6. The relevant recitals in the will are: His adopted son Prahallad having died issueless in 1958 leaving behind his widow Buli Bewa, the testator lived in great sorrow with his widowed daughter-in-law. Considering his desolate condition the legatee who is his nephew voluntarily managed his properties for the last five years and also looked after his personal comfort and did all his work according to his wishes. For all these reasons the testator developed great affection for the legatee, and being assured in his mind that the legatee would manage his propertiesand would look after him till his death and would perform his obsequies thereafter executed this will, requesting all his properties to the legatee and providing that his widowed daughter-in-law to be maintained out of the income of the said properties during her lifetime.

7. The appellants, as already stated, have impugned this will on the ground of want of testamental capacity of testator. The propounder has examined three witnesses and has proved the will Ext. 1. The caveators, on the other hand, have examined eight witnesses and exhibited a number of documents. On a consideration of the evidence, the District Judge has held :--

'.........I have no hesitation to hold thatthe will was duly executed and attested and that the testator was in a sound disposing state of mind at the time of its execution

8. The Supreme Court in a number of cases has laid down guidelines for dealing with cases of this nature where the issue is regarding the genuineness or otherwise of the will and sound disposing state of mind of the testator. It is appropriate to briefly indicate these principles in the background of which the evidence has to be scanned.

In the case of H. Venkatachala Iyengar v. B. M. Thimmajamma, AIR 1959 SC 443 their Lordships said that the question as to whether the will set up by the propounder is proved to be the last will of the testator has to be decided in the light of Sections 67 and 68 of the Evidence Act and Sections 59 and 63 of the Indian Succession Act. Under Section 67 of the Evidence Act the signature of the testator must be proved to be in his handwriting which can be done by proof of opinion of Experts or by evidence of persons acquainted with the handwriting of the testator and the will has to be proved like any other document except as to the special requirements of attestation prescribed by S. 63 of the Indian Succession Act. It is certainly idle to expect proof with mathematical certainty, but the test to be applied would be the usual test of the satisfaction of a prudent mind in such matters. Since in the case of proof of wills the testator having died cannot say whether it is his will or not, an element of solemnity in the decision of the question as to the genuineness of the will is introduced. The burden is on the propounder to establish by satisfactory evidence that 'the will was signed by the testator, that the testator at the relevant time was in a sound and disposing state of mind, that he understood the nature and effect of the dispositions and put his signature to the document of his own free will.' This onus can be taken to be discharged only on proof of essential facts just indicated. Where there are suspicious circumstances surrounding the execution of a will, like the signature of the testator being shaky and doubtful which is not removed by evidence of the signaturebeing that of the testator, the mind of the testator appearing to be feeble and debilitated which creates a doubt as to the mental capacity of the testator, disposition made in the will appearing to be unnatural, improbable or unfair in the light of relevant circumstances indicating thereby that the said disposition may not be the result of the testator's free will and mind, the initial onus of the pro-pounder becomes very heavy. Unless these suspcious circumstances are satisfactorily explained the court will be reluctant to treat the document as the last will of the testator and a product of his free will and mind. Their Lordships further go to say :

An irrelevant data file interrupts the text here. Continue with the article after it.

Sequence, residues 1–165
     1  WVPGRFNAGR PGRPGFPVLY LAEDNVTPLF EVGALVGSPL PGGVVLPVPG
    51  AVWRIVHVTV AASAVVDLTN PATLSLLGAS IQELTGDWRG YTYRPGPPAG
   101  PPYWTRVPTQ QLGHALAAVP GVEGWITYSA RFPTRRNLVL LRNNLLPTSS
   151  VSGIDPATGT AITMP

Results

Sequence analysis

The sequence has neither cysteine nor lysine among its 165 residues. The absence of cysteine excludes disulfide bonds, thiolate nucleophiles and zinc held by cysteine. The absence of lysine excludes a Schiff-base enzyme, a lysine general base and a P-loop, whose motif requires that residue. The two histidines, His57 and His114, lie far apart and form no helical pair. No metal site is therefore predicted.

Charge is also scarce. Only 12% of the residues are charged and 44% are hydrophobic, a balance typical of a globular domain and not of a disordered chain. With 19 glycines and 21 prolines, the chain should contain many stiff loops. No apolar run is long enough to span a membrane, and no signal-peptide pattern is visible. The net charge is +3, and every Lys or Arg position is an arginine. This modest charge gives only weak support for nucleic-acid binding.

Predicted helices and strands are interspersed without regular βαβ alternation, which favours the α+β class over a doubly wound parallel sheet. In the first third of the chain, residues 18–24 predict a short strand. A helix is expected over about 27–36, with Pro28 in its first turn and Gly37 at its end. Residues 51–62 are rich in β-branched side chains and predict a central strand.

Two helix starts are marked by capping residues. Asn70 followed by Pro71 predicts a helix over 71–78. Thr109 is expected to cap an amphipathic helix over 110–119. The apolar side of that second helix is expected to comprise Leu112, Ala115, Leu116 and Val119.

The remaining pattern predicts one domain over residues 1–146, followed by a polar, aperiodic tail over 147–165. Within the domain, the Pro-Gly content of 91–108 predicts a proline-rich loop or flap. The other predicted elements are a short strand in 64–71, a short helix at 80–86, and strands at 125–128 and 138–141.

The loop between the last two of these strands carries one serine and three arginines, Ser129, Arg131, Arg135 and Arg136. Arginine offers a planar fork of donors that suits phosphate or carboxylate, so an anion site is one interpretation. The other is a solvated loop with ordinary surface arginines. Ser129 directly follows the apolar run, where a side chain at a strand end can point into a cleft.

'It is true that, if a caveat is filed alleging the exercise of undue influence, fraud or coercion in respect of the execution of the will propounded, such pleas may have to be proved by the caveators; but, even without such pleas circumstances may raise a doubt as to whether the testator was acting of his own free will in executing the will, and in such circumstances, it would be a part of the initial onus to remove any such legitimate doubts in the matter.'

Where propounders themselves take a prominent part in the execution of the wills which confer on them substantial benefits, that itself is generally treated as a suspicious circumstance attending the execution of the will and the propounder is required to remove the said suspicion by clear and satisfactory evidence. In deciding the question whether the will is the last will of the testator borne out of a free will and mind the judicial conscience of the court must be fully satisfied. Their Lordships further said :--

'It may, however, be stated generally that a propounder of the will has to prove the due and valid execution of the will and that if there are any suspicious circumstances surrounding the execution of the will the propounder must remove the said suspicions from the mind of the court by cogent and satisfactory evidence. It is hardly necessary to add that the result of the application of these two general and broad principles would always depend upon the facts and circumstances of each case and on the nature and quality of the evidence adduced by the parties.

X X X X

It is no doubt true that on the proof of the signature of the deceased or his acknowledgement that he has signed the will he will be presumed to have known the provisions of the instrument he has signed; but the said presumption is liable to be rebutted by proof of suspicious circumstances. What circumstances would be regarded as suspicious cannot be precisely defined or exhaustively enumerated. That inevitably would be a question of fact in each case.'